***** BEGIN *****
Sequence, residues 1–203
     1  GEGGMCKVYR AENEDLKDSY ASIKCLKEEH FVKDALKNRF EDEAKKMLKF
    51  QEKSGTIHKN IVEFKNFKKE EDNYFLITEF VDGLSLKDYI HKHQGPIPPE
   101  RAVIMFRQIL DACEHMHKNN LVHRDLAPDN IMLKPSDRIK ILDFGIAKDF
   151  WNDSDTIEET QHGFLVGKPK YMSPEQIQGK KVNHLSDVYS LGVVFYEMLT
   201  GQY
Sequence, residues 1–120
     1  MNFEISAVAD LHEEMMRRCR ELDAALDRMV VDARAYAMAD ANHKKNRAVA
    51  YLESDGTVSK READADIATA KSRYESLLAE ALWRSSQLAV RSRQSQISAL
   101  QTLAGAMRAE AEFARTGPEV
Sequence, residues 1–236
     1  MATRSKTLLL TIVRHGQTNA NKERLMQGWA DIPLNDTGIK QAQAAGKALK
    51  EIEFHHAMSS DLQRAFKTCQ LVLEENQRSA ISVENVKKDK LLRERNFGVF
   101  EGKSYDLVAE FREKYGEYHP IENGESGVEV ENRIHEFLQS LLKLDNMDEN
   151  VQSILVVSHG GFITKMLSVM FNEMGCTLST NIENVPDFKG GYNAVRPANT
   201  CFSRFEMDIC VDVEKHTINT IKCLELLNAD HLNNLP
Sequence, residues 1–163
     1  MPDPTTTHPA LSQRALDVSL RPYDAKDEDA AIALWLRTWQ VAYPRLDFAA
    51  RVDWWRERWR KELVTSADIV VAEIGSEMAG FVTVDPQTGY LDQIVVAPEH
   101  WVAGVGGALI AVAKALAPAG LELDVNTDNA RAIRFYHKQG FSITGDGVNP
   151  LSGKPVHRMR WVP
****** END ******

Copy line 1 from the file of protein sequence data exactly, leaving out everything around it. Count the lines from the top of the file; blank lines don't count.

Sequence, residues 1–203